Researchers have discovered the world’s largest shrew in a remote part of Tanzania where a trove on previously unknown species have been recorded in the past few years. The species is more than a quarter larger than any previously known shrew.
More than a quarter larger than all of its relations, the Grey-faced sengi (Rhynchocyon udzungwensis) was first discovered on a roll of film from camera traps set-up in the Udzungwa Mountains of Tanzania. The photos of this mysterious giant elephant-shrew were sent to expert Dr. Galen Rathbun, who has studied the sengi (or elephant-shrew) for over thirty years; after examining the photos he believed that the animal’s unique coloring proved it was an unknown species.
Rathbun led an expedition to locate the elephant-shrew in March 2006, which included the original camera trap photographer, Francesco Rovero of the Trento Museum of Natural Sciences in Italy. Four individuals of the new species were found and studied.
The Grey-faced sengi. Photos by Francesco Rovero.
“This is one of the most exciting discoveries of my career,” said Rathbun, “It is the first new species of giant elephant-shrew to be discovered in more than 126 years. From the moment I first lifted one of the animals into our photography tent, I knew it must be a new species not just because of its distinct coloring, but because it was so heavy!” The Grey-faced sengi weighs in at 1.5 lbs. It is named for its gray face, which gives way to a reddish-orange back and a black bottom.
Sengis are truly unique mammals. Just sixteen species (including the Grey-faced sengi) comprise their particular order of Macroscelidea. All sixteen are native to Africa and mate monogamously. Sengis (which is their Bantu name) were called elephant-shrews by Europeans who thought the animals were shrews with flexible trunks, not unlike an elephant’s. In a biological twist, recent molecular research has uncovered that the Macroscelidea are actually more closely related to elephants than shrews. Their closest relatives are a true mismatch of mammals, including aardvarks, hyraxes, and manatees—along with elephants. All of these unique species trace their lineage back to the super order, Afrotheria, which split off from other mammals 100 million years ago.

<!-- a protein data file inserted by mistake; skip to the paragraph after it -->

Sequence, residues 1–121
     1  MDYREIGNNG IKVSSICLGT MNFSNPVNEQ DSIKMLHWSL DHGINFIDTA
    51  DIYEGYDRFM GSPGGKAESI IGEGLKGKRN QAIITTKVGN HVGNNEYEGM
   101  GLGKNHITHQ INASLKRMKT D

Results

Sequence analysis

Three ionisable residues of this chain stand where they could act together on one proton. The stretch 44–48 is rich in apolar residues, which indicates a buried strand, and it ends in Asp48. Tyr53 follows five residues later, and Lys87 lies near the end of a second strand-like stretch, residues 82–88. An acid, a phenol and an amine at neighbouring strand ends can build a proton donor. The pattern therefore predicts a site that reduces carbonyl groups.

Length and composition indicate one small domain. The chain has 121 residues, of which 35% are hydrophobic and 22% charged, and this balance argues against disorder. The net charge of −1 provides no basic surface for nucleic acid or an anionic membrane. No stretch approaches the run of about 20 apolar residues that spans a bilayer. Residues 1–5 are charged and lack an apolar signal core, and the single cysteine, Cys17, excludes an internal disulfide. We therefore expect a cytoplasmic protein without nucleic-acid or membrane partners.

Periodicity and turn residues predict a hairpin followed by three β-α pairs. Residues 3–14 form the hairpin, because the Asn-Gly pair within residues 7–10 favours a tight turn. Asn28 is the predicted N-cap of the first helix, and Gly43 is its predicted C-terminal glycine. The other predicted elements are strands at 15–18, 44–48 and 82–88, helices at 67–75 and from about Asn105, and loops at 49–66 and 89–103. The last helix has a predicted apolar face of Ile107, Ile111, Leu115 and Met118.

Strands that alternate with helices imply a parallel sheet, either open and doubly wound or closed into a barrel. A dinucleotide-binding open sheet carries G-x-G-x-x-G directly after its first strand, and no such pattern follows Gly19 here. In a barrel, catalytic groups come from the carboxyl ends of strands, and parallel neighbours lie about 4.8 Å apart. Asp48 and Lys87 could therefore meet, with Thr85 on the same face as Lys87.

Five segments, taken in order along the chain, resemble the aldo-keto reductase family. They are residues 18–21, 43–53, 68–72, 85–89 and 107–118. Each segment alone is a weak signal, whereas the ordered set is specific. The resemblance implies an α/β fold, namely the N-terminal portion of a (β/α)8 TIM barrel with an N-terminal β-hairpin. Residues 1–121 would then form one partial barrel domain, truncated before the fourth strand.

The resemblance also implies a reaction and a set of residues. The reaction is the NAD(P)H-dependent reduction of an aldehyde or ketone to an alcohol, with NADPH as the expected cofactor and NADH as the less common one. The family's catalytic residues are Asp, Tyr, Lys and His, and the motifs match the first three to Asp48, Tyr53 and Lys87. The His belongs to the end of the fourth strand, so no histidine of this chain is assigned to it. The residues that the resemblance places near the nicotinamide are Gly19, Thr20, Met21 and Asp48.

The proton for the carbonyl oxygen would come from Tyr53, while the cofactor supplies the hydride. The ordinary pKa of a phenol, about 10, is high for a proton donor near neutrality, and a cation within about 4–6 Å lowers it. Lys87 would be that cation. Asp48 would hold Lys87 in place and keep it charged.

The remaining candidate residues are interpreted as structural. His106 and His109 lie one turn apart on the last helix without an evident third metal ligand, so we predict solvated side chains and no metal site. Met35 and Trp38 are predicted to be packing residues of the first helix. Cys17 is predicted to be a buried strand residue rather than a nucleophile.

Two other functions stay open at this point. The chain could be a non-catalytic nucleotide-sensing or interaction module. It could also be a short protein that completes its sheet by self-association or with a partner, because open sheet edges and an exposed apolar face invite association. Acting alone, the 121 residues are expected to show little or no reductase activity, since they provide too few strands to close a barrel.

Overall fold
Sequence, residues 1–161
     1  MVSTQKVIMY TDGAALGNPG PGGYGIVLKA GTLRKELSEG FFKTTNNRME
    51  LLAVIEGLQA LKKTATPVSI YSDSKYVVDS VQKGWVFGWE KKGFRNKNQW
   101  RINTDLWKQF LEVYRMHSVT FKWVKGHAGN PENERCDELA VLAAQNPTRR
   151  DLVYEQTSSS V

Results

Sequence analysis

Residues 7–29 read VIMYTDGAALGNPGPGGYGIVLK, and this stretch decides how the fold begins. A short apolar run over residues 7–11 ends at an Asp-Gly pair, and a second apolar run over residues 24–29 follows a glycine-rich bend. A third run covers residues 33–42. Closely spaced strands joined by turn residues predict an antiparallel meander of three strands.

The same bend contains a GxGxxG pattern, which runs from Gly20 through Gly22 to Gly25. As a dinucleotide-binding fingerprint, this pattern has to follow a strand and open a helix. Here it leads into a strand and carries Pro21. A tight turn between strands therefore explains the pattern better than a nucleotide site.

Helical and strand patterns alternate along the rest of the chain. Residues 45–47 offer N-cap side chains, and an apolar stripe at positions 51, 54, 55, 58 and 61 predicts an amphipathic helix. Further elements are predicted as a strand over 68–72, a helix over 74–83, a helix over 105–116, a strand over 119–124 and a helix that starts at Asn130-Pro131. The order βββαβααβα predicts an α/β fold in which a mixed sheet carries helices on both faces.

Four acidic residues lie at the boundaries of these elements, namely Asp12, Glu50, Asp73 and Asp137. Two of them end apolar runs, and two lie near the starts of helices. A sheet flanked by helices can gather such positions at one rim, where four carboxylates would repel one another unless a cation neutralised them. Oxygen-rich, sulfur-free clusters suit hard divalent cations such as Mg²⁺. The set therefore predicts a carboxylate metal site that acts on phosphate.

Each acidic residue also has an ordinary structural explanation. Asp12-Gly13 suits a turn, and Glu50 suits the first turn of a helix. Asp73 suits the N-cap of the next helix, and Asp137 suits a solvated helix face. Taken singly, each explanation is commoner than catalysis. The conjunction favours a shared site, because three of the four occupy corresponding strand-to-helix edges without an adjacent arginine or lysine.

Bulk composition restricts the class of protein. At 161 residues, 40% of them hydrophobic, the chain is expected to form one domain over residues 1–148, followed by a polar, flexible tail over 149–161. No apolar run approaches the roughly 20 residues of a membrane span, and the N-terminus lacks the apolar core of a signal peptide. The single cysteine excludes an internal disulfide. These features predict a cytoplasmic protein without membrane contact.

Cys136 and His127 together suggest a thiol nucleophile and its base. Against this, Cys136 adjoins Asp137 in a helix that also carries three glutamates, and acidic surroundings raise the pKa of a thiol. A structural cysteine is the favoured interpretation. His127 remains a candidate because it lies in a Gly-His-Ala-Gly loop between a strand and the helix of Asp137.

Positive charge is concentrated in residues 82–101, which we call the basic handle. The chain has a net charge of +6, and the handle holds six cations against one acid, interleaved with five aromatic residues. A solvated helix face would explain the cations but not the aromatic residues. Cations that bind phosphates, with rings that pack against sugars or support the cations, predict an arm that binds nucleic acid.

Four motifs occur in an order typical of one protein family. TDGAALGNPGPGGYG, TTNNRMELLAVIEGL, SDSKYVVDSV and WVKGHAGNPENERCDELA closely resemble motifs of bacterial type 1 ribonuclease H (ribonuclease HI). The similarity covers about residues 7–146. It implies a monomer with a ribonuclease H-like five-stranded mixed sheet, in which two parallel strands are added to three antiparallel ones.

Dr. Galen Rathbun and Ruben Mwakisoma of the Tanzania Forest Conservation Group. Photo by David Ribble.
Only two populations are so far known of the Grey-faced sengi, covering 115 square miles in the forests of the Udzungwa Mountains. It is believed that the species is rare. When asked about conservation regarding sengis, Dr. Rathbon says that the sengis “that are at risk are the four species of Rhynchocyon [including the Grey-faced sengi] that are found in forests. Although they are hunted in some areas, the real problem is the reduction and fragmentation of their forest habitats due to urban and agricultural development and extraction of timber. If their habits can be secured, in most forests they will do alright.” The most endangered, so far, is the Golden-rumped elephant-shrew, which before this new discovery was the largest sengi. The Golden-rumped elephant-shrew is currently a focal species for EDGE’s (Evolutionary Distinct and Globally Endangered) conservation efforts.
Dr. Galen Rathbun with the Grey-faced sengi. Photo by David Ribble.
Such efforts are also need in Tanzania’s Udzungwa Mountain region. The unique mountain and forest habitat have yielded a number of incredible new species recently. In 2003 a new species of monkey was discovered, named the Kipunji, in the same forest as the Grey-faced sengi. A new partridge, name Udzungwa partridge, and a new shrew species, Phillip’s Congo shrew, have also been discovered in the region. Additionally, the mountains serve as a refuge for species during the dry season, yet it has been estimated that the forests linking the mountains to adjacent areas may be lost by 2009 if nothing is done. “We hope that new discoveries like ours will help bolster efforts to conserve this spectacular ecosystem,” says Rathbun.
This may not be the last new sengi: “A group of biologists at Stellenbosch University in South Africa have probably found a new species of Elephantulus,” Rathbun revealed (Elephantulus is another genus of the sengi), “but it is quite cryptic—requiring sophisticated molecular methods to distinguish it from other species in this genus. It has not yet been published, so it is not yet recognized.” He added, “It would be surprising to find a new species as dramatically different as the Grey-faced sengi is from the other species.”